Thankfully adding swap to your Ubuntu linux instance is fairly easy. The following task when run will check if a swapfile already exists on the host and if not create one, mount it and set it to be remounted when the instance is rebooted. It takes in a parameter which specifies the size of the swap in gigabytes.


def setup_swapfile(size=1):
    if fabric.contrib.files.exists('/swapfile') == False:
        sudo('''fallocate -l %sG /swapfile''' % (size))
        sudo('''chmod 600 /swapfile''')
        sudo('''mkswap /swapfile''')
        sudo('''swapon /swapfile''')
        sudo('''echo "/swapfile   none    swap    sw    0   0" >> /etc/fstab''')

BTW I am writing a book about how to Automate your life using Python Fabric click the link and register your interest for when it is released.

Python Fabric Set Host List at Runtime

With the advent of cloud computing where you spin up and tear down servers at will it becomes extremely useful to pick the hosts you want fabric to run on at runtime rather then through the usual env.hosts setting. This allows you to query your servers through your cloud providers API without having to maintain a list. This can be a more powerful and flexible technique then using roles and in a devops world can save you a lot of time.

The trick is to know that when fabric runs any outgoing SSH connection is only made when the first put/get/sudo/run command is made. This means you can change env.hosts before this time and target whatever machines you want.

For the example below we are going to run a command on all of our servers after getting a full IP list from our fictitious cloud provider through an API call using the excellent Python requests module.

Firstly lets define a task which will set our env.hosts to all of the servers in our cloud.


def all():
    req = requests.get('https://api.mycloud.com/v1/server/list', headers={ 'API-Key': 'MYAPIKEY' });
    serverlist = json.loads(req.text)

    if len(serverlist) == 0:
        evn.hosts = []
        return

    env.hosts = [server['public_ip'] for server in serverlist]

The above makes a HTTPS call using our API Key and loads the JSON response into an object. Then depending on if any servers exist or not we loop through pulling out the public ip address for all our servers and assign that to our environment hosts.

Now we can call it with a simple uname function to get the output for all of the servers inside our cloud.


$ fab all hostname
[box1] run: uname -s
[box1] out: box1
[box2] run: uname -s
[box2] out: box2

Done.
Disconnecting from box1... done.
Disconnecting from box2... done.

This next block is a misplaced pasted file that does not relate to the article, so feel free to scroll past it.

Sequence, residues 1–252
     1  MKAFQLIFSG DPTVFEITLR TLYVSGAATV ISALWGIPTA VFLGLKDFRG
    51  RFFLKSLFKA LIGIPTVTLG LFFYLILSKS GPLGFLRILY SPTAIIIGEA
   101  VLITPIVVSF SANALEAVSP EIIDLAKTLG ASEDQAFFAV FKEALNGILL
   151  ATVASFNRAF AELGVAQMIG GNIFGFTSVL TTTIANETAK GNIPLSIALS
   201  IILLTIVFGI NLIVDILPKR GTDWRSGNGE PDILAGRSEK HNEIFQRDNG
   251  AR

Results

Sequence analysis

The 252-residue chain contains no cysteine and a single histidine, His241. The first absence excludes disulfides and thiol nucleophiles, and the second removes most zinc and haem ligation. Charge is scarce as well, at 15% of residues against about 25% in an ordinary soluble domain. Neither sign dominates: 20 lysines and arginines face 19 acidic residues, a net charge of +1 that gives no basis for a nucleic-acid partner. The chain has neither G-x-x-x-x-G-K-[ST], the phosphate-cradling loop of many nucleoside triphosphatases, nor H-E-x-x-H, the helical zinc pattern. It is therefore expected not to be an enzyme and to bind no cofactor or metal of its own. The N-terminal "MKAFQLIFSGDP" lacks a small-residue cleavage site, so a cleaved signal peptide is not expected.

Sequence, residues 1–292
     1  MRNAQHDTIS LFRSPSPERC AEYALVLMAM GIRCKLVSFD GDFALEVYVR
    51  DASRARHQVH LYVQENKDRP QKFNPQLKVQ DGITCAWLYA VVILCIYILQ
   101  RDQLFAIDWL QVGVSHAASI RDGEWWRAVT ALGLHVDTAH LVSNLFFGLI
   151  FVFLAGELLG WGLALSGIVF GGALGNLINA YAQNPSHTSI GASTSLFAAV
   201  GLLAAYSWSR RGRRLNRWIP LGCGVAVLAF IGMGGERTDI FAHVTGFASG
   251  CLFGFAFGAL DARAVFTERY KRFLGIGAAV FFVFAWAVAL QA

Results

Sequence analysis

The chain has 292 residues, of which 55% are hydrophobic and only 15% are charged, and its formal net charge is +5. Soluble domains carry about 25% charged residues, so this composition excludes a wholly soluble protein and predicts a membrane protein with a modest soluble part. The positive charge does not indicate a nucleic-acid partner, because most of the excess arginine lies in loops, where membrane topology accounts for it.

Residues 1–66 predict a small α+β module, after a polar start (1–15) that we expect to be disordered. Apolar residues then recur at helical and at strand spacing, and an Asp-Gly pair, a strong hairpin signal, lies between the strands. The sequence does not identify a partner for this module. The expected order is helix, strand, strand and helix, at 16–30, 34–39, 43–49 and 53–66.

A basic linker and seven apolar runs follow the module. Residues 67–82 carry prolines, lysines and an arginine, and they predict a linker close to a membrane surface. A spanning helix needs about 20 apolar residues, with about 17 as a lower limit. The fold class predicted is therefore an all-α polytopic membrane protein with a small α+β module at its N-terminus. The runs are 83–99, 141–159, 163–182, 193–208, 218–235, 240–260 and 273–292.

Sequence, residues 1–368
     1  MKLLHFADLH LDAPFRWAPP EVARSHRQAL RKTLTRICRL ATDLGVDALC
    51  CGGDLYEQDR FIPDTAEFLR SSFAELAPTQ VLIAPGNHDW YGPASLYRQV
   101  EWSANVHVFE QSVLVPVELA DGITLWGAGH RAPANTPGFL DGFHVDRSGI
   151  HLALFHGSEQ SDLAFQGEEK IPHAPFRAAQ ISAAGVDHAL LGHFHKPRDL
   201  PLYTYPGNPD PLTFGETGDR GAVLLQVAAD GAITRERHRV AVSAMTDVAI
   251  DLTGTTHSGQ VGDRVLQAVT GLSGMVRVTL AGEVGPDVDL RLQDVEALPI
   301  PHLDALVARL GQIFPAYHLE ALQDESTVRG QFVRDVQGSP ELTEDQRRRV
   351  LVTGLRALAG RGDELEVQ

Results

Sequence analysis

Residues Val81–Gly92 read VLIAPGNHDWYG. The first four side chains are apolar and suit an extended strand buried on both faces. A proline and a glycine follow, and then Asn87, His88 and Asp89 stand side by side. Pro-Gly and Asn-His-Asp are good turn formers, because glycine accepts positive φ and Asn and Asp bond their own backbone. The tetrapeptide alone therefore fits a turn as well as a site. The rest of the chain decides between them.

You can create individual tasks for each group of servers you control using this technique but that’s not very dry (don’t repeat yourself) or neat. Lets modify our all task to accept a parameter so we can filter down our servers at run time.


def all(server_filter=None):
    req = requests.get('https://api.mycloud.com/v1/server/list', headers={ 'API-Key': 'MYAPIKEY' });
    serverlist = json.loads(req.text)

    if len(serverlist) == 0:
        evn.hosts = []
        return
    
    if filter:
        env.hosts = [server['public_ip'] for server in serverlist if server['tag'] == server_filter]
    else:
        env.hosts = [server['public_ip'] for server in serverlist]

We changed our method to accept a parameter which is by default set to none which we can use to filter down our servers based on a tag. If your cloud providers API is sufficiently powerful you can even change the request itself to handle this use case and save yourself the effort of filtering after the return.

To call our new method you need to pass the filter like the following example.


$ fab all:linux hostname
[box1] run: uname -s
[box1] out: box1
[box2] run: uname -s
[box2] out: box2

Done.
Disconnecting from box1... done.
Disconnecting from box2... done.

BTW I am writing a book about how to Automate your life using Python Fabric click the link and register your interest for when it is released.

searchcode server released

searchcode server the downloadable self hosted version of searchcode.com is now available. A large amount of work went into the release with a variety of improvements based on feedback from the general beta releases.

searchcode server

searchcode server has a number of advantages over searchcode.com that will eventually be back-ported in. The full list of things to check out is included below,

  • New Single Page Application UI for smooth search experience
  • Ability to split on terms so a search for “url signer” will match “UrlSigner”
  • Massively improved performance 3x in the worst case and 20x in the best
  • Configurable through UI and configuration
  • Spelling suggestion that learns from your code

A few things of note,

  • Java 8 application built using Lucene and Spark Framework
  • Designed to work any server. The test bench server is a netbook using an Intel Atom CPU and searches return in under a second
  • Scales to Gigabytes of code and thousands of repositories
  • Works on Linux, OSX and Windows

Be sure to check it out!

searchcode server
searchcode server
searchcode server